Molecular Horizons

A centre for molecular and life sciences

The molecular life sciences are at the forefront of scientific discovery, unlocking the innermost secrets of the living cell and developing new ways to detect and attack disease. If cancer is to be cured, new classes of antibiotics developed, and Alzheimer’s disease reversed it will most likely be biochemists and molecular biologists powering these breakthroughs. Molecular Horizons is dedicated to illuminating how life works at a molecular level and solving some of the biggest health challenges facing the world.

Molecular Horizons brochure

The University of Wollongong's new $80 million research facility

Molecular Horizons is dedicated to impact-driven research where the world’s best molecular research is put into practice to improve and save lives. To enable this world-leading research UOW has invested in a suite of revolutionary technology including Australia’s most powerful biological electron microscope, the Thermo Fisher Titan Krios.

[00:00:14] This course has really inspired me to go into research and pursue that career in science, like I want to do this for the rest of my life.


[00:00:23] What was really great about the staff and the supervisors here is the Hands-On training that I received.


[00:00:30] Throughout your degree I've especially made some really close friends with when you share the same interests, it's a different level of friendship.


[00:00:38] So we look at proteins, so a lot of these proteins are motor proteins and have they have some sort of a job that they do in the cell, we bring in the researchers, which would be students, honour students, Ph.D. students, postdocs and even professors. And we train them from end to end on how to do cryo electron microscopist. We'll bring them in. We'll show them how to freeze the samples. We'll show them how to prepare them for the electron microscope, we’ll train people on electron optics. We'll take them through a full course to understand everything about the electron microscopes, and then we'll bring them here to sit down with the microscopes.


[00:01:22] It’s been especially great in the molecular horizons building with all the amazing new facilities that we've got, all the amazing lab areas and the technology, especially the electron microscope.


[00:01:32] My speciality is cryo electron microscope. And we look at three dimensional structures of proteins and nuclear protein complexes. So these are what I refer to as bio nano machines. These are these tiny molecular machines that carry out processes in cells to sustain life.


[00:01:51] So I thought this course has been amazing because it's really given me a strong introduction into science as a whole and it's give me a lot of hands on practical work.


[00:01:59] So we have a range of machines here that allow us to do various things. So the first instrument is our T12. That's a low resolution instrument. We use that for training. The students can get inside of that. We use that for negative stain and for training purposes to get low resolution structures. From there, we usually take our students from the T12 to the Arctica, which is our intermediate resolution microscope, which is where they could start to explore how well their protein purification went and get an initial structure, maybe two, three, four Engström resolution. From there we have the Cryos, the Titan Cryos microscope, which is allows us to really push that resolution down into the sub tWo Engström resolution zone and allows us to actually see the atoms and start to build models at high resolution.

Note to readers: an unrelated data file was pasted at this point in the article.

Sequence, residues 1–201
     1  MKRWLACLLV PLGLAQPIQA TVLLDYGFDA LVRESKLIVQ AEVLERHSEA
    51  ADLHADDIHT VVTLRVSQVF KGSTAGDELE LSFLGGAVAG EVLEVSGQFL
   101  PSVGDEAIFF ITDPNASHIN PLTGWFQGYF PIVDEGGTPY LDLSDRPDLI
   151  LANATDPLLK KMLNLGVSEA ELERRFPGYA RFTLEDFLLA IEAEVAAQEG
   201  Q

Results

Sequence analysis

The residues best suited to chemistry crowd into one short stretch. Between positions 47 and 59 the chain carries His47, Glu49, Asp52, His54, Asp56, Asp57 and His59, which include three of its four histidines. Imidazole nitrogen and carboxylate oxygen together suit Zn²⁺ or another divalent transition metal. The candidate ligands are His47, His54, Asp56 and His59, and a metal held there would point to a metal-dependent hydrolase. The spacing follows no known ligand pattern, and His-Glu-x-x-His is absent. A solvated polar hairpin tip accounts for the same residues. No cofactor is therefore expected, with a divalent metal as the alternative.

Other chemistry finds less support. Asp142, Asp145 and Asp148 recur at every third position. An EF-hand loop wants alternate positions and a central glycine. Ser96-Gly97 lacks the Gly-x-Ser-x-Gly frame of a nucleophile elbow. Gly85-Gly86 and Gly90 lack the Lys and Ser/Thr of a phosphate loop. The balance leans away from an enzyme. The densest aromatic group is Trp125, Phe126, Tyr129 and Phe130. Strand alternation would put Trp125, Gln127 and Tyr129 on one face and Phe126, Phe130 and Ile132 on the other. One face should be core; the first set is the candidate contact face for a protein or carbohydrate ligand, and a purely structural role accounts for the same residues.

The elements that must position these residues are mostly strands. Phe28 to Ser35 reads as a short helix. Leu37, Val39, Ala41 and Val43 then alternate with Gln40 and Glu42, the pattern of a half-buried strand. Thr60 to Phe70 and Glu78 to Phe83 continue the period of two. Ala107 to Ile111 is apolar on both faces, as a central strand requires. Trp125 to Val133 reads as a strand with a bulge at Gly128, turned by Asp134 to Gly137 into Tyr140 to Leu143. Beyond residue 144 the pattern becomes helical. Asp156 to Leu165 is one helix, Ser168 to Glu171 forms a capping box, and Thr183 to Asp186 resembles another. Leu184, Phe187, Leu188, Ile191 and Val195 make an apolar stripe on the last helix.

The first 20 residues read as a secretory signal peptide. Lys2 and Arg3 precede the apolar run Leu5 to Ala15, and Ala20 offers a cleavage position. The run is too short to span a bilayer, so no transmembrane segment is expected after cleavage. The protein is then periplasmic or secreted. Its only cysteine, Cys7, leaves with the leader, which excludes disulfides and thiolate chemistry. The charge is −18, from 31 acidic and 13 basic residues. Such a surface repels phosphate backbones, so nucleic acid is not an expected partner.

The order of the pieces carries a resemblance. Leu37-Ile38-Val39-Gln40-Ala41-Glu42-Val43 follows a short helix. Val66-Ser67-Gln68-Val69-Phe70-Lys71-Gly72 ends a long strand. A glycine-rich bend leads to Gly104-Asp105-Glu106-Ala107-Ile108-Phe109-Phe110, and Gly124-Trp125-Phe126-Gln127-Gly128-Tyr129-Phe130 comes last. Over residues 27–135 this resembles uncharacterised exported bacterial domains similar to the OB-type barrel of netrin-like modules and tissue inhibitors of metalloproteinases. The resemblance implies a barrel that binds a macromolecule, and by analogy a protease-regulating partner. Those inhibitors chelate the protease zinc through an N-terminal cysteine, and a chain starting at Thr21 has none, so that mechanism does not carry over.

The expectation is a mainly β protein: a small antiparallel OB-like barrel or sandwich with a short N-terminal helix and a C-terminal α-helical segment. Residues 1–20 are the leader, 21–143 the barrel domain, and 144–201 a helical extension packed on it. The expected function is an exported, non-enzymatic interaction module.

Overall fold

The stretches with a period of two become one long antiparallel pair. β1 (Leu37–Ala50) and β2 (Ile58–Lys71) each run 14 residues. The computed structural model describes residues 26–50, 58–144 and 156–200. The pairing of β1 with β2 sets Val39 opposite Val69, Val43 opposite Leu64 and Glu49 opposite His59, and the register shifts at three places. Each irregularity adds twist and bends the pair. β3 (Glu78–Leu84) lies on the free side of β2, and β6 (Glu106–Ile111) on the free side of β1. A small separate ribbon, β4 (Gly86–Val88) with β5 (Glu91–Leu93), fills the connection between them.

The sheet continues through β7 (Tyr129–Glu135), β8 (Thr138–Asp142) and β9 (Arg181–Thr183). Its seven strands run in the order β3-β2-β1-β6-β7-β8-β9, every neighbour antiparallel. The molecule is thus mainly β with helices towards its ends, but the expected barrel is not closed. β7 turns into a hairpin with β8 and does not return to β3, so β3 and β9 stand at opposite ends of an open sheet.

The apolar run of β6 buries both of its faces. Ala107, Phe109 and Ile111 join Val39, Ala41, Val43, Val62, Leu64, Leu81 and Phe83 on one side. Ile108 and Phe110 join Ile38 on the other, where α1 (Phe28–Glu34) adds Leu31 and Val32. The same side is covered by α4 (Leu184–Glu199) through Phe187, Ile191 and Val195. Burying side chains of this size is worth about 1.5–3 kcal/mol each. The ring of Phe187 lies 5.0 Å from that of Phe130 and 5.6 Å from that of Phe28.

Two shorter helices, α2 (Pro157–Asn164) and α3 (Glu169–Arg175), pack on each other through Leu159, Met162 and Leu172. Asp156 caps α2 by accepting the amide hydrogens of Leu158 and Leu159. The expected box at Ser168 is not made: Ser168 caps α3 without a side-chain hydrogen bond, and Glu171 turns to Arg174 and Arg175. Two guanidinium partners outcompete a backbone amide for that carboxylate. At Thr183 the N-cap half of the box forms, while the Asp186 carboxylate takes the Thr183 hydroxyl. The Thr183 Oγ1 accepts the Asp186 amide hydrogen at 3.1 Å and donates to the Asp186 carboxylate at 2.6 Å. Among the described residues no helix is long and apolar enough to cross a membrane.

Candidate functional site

[00:02:52] So what I really loved about this degree so far is all the lab experience that we've been able to get throughout the years, and especially with the opportunity to do research project subjects. Its teaching you a lot of lab experience that you definitely know that you need in the future.


[00:03:07] I think the thing which I love most about my course is that I'm able to get hands on experience of some of the most amazing technology and up and coming research in the world.


[00:03:18] This year, I completed my honours project during which I resolve the structure of a protein from tuberculosis. It's thought that it's implicated in the antibacterial resistance of the disease. So it is quite an important protein. What was really good about doing the honours at this particular facility is the hands on approach to training that I received. All of the staff are incredibly helpful.


[00:03:39] We are always interested in working with students. We love raising the next generation of scientists because being enthusiastic is one of the most important things in being a scientist.


[00:03:50] I say throughout the years in my degree, I've had some really great lectures. You can tell they're very passionate about what they do and it comes through in the lectures a lot of the time and they get you to really interact.


[00:04:00] So one of the advantages of working in my group is that students don't learn just one thing. This is a multidisciplinary group, research group. My background is also multidisciplinary. My BS is in biology, my master's is in biotechnology, my Ph.D. in biochemistry, molecular biology, and my post-doctoral training is in structural biology and molecular imaging.


[00:04:23] One thing which has been amazing has been the lifelong friends I’ve made during this journey, like I've made friends who I know I will keep for the rest of my life. We've been in the same situations. Being able to work in a lab with your friends, with people you know is just a great experience.